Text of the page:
Win: Definitely Ricciardo, Vettel for his better performance and Bottas.

    Fail: Caterham, they could have given Lotterer a better car; Magnussen for cutting Alonso off and forcing him off the track.

    WTH: Hamilton vs. Rosberg controversy, Ferrari not getting their pit crew off the track on time.

  • Andreas

    Top race – the whole weekend, in fact. Spa delivers again! Obviously, the Mercedes brass have reason to be upset when their drivers tangle like that, but I also feel it’s their job to keep things cool. Seeing Toto Wolff that upset as he was when Sky interviewed him made me wonder WTH was going on…

    Seeing the Ferrari mechanics run back on to the track just as the lights went out for the formation lap was a little scary, and the team should be glad they only got a 5 second penalty. James Allison mentioned that they’d gambled on the penalty being less harsh than starting from the pit lane, so they tried their best to get the car going before the last starters had gone past. A bit cynical, IMO.

    The car giving up on Lotterer that early was also a let-down – I’d wanted to see what he could do in traffic. Ted Kravitz mentioned in the notebook segment that Caterham was planning on selling that seat more times this season, and that teams are lining up to stick their junior drivers/prospects in the Caterham. Isn’t there a 4 drivers max per season and team, though? They’ve already had 3 in the car, and “we’re short on cash” hardly qualifies as force majeure, does it? Time will tell…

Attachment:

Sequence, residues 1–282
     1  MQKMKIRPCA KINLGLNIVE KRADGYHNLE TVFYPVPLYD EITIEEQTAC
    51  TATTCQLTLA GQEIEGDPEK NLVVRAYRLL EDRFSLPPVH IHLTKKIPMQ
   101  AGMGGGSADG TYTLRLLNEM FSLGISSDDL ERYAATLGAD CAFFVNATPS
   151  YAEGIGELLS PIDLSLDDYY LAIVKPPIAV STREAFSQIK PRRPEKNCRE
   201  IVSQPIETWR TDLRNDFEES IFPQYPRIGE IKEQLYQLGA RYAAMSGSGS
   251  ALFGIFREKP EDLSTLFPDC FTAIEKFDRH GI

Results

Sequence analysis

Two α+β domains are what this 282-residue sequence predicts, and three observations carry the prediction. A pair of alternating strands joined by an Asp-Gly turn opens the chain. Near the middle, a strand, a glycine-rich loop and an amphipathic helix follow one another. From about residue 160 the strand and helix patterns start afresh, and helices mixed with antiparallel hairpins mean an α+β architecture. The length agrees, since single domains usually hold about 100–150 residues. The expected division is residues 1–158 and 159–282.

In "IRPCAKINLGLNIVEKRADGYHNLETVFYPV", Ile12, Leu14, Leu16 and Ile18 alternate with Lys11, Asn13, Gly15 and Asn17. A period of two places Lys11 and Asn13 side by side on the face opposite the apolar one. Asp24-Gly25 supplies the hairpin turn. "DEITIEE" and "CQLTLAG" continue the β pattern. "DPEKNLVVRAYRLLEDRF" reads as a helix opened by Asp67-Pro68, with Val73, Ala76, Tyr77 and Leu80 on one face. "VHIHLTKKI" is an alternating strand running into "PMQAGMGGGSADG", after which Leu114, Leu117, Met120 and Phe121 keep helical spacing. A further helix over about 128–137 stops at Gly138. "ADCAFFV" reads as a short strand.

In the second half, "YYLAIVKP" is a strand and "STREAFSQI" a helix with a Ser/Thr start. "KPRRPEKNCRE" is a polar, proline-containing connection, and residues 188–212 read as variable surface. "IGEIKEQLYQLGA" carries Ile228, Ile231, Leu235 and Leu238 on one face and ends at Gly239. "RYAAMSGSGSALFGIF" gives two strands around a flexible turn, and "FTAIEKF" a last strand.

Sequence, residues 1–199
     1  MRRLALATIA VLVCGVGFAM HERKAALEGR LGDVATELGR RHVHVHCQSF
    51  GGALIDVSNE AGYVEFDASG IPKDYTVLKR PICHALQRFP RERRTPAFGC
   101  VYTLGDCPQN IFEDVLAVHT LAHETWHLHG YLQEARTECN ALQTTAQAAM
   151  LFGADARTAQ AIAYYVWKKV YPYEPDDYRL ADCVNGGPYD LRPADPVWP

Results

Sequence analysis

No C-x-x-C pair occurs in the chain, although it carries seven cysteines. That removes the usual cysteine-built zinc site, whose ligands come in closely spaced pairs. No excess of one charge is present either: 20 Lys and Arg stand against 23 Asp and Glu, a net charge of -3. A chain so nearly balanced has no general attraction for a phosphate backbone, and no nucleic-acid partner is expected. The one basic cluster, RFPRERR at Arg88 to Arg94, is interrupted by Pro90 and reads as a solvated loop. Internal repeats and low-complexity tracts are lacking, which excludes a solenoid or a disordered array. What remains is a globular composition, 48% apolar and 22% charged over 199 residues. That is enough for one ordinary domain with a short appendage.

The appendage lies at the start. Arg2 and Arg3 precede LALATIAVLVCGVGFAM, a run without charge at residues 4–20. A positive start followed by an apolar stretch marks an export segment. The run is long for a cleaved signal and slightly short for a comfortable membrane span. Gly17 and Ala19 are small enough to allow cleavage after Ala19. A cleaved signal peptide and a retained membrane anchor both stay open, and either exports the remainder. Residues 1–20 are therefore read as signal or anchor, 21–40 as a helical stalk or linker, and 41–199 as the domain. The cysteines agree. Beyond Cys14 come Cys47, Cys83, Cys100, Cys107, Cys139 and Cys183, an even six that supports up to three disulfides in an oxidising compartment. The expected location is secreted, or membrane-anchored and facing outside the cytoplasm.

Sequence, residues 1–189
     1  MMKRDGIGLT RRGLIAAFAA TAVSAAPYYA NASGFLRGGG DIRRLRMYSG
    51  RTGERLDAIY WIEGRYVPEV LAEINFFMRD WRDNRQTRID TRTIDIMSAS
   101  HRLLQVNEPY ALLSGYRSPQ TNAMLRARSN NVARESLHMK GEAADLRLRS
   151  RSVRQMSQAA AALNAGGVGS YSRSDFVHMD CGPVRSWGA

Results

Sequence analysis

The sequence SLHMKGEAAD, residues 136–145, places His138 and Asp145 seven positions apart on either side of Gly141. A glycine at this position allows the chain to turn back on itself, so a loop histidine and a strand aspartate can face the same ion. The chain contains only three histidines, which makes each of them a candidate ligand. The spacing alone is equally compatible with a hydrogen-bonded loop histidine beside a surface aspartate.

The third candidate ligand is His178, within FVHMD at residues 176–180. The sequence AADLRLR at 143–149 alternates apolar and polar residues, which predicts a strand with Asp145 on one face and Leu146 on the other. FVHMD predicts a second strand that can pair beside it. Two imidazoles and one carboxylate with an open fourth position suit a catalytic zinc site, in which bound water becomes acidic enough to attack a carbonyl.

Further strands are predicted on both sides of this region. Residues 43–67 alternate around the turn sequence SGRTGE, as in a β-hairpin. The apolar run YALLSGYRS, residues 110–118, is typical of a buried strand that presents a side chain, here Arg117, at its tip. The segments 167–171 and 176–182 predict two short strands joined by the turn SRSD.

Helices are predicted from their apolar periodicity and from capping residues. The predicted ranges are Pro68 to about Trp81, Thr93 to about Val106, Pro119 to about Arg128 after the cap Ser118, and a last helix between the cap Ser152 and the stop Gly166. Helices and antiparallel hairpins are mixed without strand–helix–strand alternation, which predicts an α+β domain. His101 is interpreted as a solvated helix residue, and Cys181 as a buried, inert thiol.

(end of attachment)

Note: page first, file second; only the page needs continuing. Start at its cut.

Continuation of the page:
Seeing the Red Bull with a top speed advantage was a new one… it seemed to work for them, though. Bring on Monza :-)

  • Fred

    Watched the race on Spanish tv because I don’t have cable. It looked like a great race, but with the pit stops it was hard to know what was going on. Thanks for the recap in English!

  • BadCaptain

    Did anyone else notice that Hamilton started the race from what esteemed to be outside of the front of the grid box? I have gone back and watched the start and Hamilton’s front wheels appear to be well in front of his box. For the first couple of laps I keep waiting to hear that race control would be investigating this but in the end I guess it did not matter.

    • I missed that, I’ll have to go check again.

    • Whoa! Just took a look. Wow, that’s nearly half a car length!

    • Andreas

      He did indeed stop about a metre long, but rolled back to the correct position before the start. The track is uphill at that point, but I don’t know for sure if he used reverse or simply let gravity do its thing.

    • Looks like he missed the mark, then reversed back into the spot before the start. I am assuming you can reverse on the grid during the formation lap.

      • Rapierman

        Sky Sports confirms that you can do that and not get penalized if you back into the box immediately.

  • I was impressed by Eddies efforts to get the crowd in check.